AUGUST 1 2008 12:28h
After a leading U.S. government biochemical scientist committed suicide because he was under scrutiny of the FBI, many questions arose.
The terrible attack on the World Trade Center on September 11, 2001 shocked the United States. Some time after the attack, the demoralised nation was once again attacked by letters containing deadly anthrax. But how demoralising is the fact that members of the American government sent the anthrax to their own people?
American government letters contained anthrax
This fact emerged last night after biochemist Bruce E. Ivins, 62, committed suicide. He was the main suspect for sending anthrax to U.S. citizens. When he learnt that the Department of Justice would launch an investigation into him, he committed suicide. The burden was just too much for him because who knows who else Ivins would involve in the case. The case that will certainly be marked as a conspiracy theory. Perhaps someone discovers Ivins did not actually commit suicide, but was killed by those who felt he was the weakest link who would expose all those involved.
What exactly made Ivins take his own life may never be known for certain. But a story that the NewScientist published back in 2002 has been made topical again. The leading science portal in America published a story about anthrax that originated from American laboratories.
- The DNA sequence of the anthrax sent through the US mail in 2001 has been revealed and confirms suspicions that the bacteria originally came from a US military laboratory. New work shows that substantial genetic differences can emerge in two samples of an anthrax culture separated for only three years. This means the attacker's anthrax was not separated from its ancestors at USAMRIID for many generations – the portal writes. It added that the anthrax had been cultivated to find antibodies more easily and protect citizens.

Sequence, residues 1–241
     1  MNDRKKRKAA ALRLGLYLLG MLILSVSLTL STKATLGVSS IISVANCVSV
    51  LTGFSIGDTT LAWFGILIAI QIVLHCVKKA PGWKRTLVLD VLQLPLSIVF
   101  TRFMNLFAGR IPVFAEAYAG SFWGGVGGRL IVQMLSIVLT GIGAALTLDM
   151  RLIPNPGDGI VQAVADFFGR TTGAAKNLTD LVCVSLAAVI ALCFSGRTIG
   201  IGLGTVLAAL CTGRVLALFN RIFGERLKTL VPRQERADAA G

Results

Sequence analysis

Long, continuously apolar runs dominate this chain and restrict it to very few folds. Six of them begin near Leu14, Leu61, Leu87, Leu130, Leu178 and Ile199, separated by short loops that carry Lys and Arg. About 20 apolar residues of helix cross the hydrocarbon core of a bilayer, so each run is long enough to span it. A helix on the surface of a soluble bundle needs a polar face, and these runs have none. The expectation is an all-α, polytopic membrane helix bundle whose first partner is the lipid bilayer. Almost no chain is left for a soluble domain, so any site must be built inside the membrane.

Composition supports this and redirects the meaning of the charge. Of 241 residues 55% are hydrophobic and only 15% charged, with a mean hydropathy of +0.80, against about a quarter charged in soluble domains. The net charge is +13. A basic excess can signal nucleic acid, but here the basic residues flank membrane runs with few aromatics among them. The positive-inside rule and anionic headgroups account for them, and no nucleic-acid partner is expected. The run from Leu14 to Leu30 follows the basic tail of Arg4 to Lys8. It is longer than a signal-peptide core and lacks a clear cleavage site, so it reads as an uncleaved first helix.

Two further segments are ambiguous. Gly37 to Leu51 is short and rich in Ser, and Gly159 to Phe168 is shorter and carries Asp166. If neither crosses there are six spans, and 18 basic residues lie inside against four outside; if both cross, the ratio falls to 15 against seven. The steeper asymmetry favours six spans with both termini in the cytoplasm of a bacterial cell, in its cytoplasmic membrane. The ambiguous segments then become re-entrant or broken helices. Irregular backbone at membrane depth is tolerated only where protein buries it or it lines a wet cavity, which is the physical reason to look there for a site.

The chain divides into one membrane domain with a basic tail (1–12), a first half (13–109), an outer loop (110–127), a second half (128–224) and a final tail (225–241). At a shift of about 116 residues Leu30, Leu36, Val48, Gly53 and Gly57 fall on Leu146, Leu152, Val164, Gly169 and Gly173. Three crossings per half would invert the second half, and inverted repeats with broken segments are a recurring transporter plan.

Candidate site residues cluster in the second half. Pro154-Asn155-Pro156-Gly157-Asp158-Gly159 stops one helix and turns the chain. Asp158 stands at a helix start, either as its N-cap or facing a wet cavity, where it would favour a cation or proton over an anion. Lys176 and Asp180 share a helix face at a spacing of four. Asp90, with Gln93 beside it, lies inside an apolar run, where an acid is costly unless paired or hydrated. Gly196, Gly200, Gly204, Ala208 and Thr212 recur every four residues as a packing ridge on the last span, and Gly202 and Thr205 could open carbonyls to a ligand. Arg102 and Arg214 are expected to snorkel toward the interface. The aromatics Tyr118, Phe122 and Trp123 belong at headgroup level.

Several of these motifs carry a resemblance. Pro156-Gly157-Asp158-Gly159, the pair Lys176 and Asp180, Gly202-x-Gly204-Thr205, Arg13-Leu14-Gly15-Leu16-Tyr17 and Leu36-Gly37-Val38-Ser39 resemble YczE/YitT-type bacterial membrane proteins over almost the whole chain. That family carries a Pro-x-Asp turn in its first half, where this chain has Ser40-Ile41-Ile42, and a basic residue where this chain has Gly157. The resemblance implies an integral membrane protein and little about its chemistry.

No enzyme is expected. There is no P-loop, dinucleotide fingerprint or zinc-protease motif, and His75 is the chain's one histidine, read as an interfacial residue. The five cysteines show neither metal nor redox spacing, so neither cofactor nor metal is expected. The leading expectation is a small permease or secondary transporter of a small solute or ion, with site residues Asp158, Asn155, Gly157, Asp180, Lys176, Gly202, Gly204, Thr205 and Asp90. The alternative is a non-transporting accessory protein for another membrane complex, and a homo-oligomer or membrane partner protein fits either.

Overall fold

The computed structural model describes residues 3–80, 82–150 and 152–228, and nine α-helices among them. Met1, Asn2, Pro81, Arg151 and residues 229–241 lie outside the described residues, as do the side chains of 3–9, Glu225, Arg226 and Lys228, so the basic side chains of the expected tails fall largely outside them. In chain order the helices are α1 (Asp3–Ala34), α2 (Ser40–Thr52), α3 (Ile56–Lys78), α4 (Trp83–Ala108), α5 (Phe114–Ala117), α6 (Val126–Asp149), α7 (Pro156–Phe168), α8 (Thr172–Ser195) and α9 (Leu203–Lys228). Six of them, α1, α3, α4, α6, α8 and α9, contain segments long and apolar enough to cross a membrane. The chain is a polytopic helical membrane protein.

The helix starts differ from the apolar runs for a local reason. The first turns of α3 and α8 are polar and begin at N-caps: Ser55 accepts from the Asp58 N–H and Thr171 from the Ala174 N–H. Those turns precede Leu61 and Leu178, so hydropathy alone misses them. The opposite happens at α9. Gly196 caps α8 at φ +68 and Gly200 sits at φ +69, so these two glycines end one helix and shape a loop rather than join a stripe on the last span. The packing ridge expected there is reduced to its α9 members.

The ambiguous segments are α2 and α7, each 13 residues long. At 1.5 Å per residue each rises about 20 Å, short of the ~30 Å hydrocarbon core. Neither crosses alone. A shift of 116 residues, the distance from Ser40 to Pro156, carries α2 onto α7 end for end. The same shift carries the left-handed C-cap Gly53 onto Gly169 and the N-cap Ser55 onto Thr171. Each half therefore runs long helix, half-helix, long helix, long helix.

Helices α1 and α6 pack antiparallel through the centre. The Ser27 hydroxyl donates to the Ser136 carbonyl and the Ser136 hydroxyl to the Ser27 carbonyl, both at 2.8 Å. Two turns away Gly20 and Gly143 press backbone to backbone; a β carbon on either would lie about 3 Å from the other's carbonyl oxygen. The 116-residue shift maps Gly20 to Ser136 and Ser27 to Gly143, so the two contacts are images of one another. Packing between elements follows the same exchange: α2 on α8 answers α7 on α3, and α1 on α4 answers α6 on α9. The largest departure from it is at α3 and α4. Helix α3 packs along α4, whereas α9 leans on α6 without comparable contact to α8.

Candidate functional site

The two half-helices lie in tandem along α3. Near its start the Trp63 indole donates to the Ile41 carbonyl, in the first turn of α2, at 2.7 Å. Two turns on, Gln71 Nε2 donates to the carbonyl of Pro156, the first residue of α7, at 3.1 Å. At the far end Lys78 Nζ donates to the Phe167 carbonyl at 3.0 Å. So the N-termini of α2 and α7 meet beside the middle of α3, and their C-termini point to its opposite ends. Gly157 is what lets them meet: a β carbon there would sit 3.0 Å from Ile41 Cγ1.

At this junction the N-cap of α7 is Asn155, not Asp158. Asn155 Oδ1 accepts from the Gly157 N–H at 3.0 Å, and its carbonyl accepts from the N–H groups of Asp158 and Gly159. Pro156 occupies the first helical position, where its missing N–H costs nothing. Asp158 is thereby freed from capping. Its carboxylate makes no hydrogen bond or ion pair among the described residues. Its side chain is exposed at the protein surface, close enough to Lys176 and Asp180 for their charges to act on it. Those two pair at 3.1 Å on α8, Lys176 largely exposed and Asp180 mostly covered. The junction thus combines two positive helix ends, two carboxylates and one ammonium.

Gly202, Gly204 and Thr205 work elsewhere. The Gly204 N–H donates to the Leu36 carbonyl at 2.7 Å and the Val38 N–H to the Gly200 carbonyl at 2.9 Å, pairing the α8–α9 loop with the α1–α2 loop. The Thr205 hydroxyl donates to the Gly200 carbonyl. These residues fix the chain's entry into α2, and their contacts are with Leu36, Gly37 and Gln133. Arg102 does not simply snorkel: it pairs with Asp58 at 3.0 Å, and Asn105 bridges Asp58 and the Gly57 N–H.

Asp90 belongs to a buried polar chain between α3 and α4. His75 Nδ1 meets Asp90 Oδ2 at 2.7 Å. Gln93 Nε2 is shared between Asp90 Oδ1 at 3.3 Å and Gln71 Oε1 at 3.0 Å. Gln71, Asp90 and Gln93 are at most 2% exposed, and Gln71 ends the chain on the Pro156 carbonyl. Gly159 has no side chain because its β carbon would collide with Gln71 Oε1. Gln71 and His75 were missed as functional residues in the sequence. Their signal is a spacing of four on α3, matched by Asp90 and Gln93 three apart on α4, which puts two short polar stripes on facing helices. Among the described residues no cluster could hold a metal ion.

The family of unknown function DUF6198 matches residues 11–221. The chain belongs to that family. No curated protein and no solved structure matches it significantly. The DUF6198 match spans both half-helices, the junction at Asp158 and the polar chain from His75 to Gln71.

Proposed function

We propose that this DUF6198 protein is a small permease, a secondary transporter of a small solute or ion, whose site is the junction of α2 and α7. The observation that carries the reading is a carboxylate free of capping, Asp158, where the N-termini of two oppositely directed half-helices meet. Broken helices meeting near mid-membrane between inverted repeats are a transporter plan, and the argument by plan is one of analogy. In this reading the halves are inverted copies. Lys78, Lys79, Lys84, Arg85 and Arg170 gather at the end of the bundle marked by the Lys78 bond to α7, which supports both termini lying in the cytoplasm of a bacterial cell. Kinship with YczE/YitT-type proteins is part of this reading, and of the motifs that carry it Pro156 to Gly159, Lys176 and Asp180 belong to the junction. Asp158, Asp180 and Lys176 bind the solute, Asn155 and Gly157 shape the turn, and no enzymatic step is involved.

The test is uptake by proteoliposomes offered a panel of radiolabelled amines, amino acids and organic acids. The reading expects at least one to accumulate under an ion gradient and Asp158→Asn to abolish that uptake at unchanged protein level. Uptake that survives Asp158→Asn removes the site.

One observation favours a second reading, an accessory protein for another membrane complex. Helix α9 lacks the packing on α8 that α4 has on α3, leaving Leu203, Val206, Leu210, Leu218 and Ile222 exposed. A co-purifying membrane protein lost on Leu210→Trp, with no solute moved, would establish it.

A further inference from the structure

Five dead and 17 infected used as justification for war in Afghanistan
The data proves that the American government was responsible for the killing of five and infecting of 17 American citizens! It sounds horrific, but if the time of the attack is taken into account, September 18, 2001, and the urgent need to attack Afghanistan, that is Al-Qaeda, and later Iraq, making the people more terrified was absolutely necessary.
The claims were confirmed by the head of a team of scientists of North Arizona University, Paul Keim. His team worked on a part of the Anthrax called Ames, together with a team of researchers from Rockville, Maryland, called TIGR for short. The anthrax sequence they worked on was not lethal.
The anthrax found in Florida reporter Robert Stevens contained Ames, Keim said, confirming that the anthrax was not sent by foreign terrorists, but from American laboratories.
It is time for the Bush administration to answer some questions
So the story goes back to Ivins and his suicide. After evidence they got in 2002, the leading scientists established that it is possible to cultivate an identical structure of the bacteria and that Keim and his team could have made a mistake.
Still, the Department of Justice did not start an investigation without reason, just as Ivins did not kill himself without reason. American citizens could be shocked by the truth. Imagine what the average American citizen would think if he learnt that the American government deliberately caused the death of five innocent people and endangered the lives of 17 others. The Bush administration has found itself in new problems that could lead to a comprehensive investigation, as well as punishment for those responsible.